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Lateral view of a Male Baetis (Baetidae) (Blue-Winged Olive) Mayfly Dun from Mystery Creek #43 in New York
Blue-winged Olives
Baetis

Tiny Baetis mayflies are perhaps the most commonly encountered and imitated by anglers on all American trout streams due to their great abundance, widespread distribution, and trout-friendly emergence habits.

Dorsal view of a Kogotus (Perlodidae) Stonefly Nymph from Mystery Creek #199 in Washington
This one pretty clearly keys to Kogotus, but it also looks fairly different from specimens I caught in the same creek about a month later in the year. With only one species of the genus known in Washington, I'm not sure about the answer to this ID.
27" brown trout, my largest ever. It was the sub-dominant fish in its pool. After this, I hooked the bigger one, but I couldn't land it.
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Lastchance
Portage, PA

Posts: 437
Lastchance on Mar 26, 2013March 26th, 2013, 4:42 pm EDT
Is this pattern meant to be fished in the meniscus? How's that for a word!

Would you say that the caddis spends more time as a deep caddis or an emerging caddis?

Bruce

Sayfu
Posts: 560
Sayfu on Mar 26, 2013March 26th, 2013, 5:12 pm EDT
My response would be that they are deep for a time early on, and best success would be to fish them deep. They even talk about fishing it deep below a strike indicator. Then as the emergence nears fishing shallow, or on the swing from somewhat deeper is effective, and lastly they float for a distance in the meniscus. Seeing adults emerging, or fish surfacing would be the time to fish this way, but it is very difficult to see a caddis coming off the water. Adults are best taken when egg laying, and a dry fished dead drift can become effective when jerked under, as a diving egg layer if the dead drift isn't effective. I like that X caddis as the dry.
Martinlf
Martinlf's profile picture
Moderator
Palmyra PA

Posts: 3047
Martinlf on Mar 26, 2013March 26th, 2013, 6:21 pm EDT
Bruce, if you're asking about this fly pattern:

http://www.youtube.com/watch?v=1xYFoiTadv0

It's a dry fly, meant to be fished on the surface, or in the meniscus (whatever that is).
"He spread them a yard and a half. 'And every one that got away is this big.'"

--Fred Chappell
Martinlf
Martinlf's profile picture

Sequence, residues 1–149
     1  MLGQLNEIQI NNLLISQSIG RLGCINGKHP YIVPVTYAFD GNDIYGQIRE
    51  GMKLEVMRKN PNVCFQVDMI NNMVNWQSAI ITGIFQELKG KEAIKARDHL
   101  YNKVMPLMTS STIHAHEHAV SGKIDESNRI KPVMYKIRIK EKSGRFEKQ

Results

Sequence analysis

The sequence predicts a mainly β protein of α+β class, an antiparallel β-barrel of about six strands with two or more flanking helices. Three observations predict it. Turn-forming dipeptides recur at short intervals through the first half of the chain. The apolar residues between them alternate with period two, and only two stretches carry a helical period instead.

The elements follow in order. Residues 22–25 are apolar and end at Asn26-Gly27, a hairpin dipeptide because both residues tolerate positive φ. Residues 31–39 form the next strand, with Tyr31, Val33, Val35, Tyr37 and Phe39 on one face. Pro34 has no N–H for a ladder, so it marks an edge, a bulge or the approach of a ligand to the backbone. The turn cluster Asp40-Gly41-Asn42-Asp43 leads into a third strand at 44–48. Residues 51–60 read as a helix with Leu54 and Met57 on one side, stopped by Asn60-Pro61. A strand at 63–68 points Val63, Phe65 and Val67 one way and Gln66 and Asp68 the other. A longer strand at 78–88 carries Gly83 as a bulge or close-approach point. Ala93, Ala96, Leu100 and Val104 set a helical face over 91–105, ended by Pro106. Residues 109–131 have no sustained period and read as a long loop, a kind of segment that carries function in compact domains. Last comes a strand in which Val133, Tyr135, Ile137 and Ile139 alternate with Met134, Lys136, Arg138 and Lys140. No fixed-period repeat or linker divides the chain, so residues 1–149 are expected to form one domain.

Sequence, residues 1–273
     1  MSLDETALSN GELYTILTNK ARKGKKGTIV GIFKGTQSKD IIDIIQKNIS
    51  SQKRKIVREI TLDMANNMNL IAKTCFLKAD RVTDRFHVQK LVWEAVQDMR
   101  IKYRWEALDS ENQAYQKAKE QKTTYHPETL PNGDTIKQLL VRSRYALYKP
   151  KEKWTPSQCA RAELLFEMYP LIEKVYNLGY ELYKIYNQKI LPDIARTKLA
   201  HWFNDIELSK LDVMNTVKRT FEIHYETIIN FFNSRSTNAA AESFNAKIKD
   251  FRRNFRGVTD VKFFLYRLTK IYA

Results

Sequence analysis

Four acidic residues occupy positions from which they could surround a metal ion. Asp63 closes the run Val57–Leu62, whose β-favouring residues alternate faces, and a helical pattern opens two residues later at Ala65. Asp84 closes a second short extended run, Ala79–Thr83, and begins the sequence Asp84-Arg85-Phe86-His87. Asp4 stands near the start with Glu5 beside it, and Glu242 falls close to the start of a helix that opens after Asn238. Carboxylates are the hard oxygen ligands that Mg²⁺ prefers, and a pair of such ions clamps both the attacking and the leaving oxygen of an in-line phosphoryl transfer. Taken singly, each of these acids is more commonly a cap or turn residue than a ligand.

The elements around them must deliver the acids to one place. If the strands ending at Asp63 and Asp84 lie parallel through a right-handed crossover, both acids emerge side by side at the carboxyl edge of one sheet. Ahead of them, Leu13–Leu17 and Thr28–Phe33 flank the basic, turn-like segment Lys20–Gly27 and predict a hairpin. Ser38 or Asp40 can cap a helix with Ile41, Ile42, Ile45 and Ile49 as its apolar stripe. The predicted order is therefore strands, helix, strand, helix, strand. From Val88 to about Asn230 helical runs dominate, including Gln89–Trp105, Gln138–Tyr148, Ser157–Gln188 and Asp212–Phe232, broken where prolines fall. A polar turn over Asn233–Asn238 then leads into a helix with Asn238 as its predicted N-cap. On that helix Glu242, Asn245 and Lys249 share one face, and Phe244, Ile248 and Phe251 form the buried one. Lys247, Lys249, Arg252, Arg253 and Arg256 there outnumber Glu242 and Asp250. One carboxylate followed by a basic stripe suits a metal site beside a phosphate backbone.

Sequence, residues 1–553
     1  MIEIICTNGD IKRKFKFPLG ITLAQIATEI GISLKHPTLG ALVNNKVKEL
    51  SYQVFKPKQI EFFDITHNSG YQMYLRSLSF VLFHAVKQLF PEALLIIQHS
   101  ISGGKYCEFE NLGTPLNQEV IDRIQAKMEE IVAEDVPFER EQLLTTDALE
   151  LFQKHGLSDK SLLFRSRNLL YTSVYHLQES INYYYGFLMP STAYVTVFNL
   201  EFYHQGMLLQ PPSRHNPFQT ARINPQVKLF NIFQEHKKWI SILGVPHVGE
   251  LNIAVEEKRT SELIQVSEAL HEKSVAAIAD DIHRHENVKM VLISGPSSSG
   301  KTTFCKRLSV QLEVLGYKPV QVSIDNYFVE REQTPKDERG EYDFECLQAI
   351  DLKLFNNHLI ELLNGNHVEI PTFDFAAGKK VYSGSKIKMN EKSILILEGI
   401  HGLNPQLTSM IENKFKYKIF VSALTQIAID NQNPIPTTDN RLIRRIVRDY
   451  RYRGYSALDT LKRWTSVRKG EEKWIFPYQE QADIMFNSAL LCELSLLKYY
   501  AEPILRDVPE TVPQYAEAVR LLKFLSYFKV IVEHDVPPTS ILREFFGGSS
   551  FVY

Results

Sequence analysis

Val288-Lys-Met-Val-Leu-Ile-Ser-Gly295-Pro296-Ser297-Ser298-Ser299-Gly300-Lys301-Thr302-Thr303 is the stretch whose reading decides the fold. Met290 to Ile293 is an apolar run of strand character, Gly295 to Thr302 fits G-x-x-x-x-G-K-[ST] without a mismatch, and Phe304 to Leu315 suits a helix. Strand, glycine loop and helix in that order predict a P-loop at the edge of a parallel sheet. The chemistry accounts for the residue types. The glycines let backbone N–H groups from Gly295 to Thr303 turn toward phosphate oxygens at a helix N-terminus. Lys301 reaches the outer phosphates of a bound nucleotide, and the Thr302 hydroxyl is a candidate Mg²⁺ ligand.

Moderator
Palmyra PA

Posts: 3047
Martinlf on Mar 26, 2013March 26th, 2013, 7:28 pm EDT
Thanks, Mack. I was just picking on Bruce, who has, in the past, complained about Latin words and such.
"He spread them a yard and a half. 'And every one that got away is this big.'"

--Fred Chappell
Entoman
Entoman's profile picture
Northern CA & ID

Posts: 2604
Entoman on Mar 26, 2013March 26th, 2013, 7:56 pm EDT
The meniscus is the tough film at the water's surface caused by surface tension due to interaction with the atmosphere.

Bruce - Most of the important caddis spend much more time deep in the water column drifting along. They spend very little time rising to the surface (though the myth of the super caddis that rises like a missile is probably just that). They also spend a fair amount of time as pharates at the surface. Once the eclosion process starts they free themselves from their exuvia quickly and fly away almost immediately. One would assume from this that half & half style emergers shouldn't be effective, but they are. Perhaps when there's an abundence of cripples? Cutter's E/C Caddis and the similar Iris are two examples.

Prior to the fish showing at the surface, I'll fish pupal patterns deep. My current favorites are the Pettis Glass Bead Pupa, Fox's Poopah (with bead), and the ever-popular Sparkle Pupa (though I tie it with a slightly tighter & sparser shell over the back only). For shallow work imitating the pharates, I like Soft Hackles, Klnkhammers and my Halo Pupa, though the latter is my first choice for really picky feeders..

Edit: Jeez, and I thought you guys were serious!:):)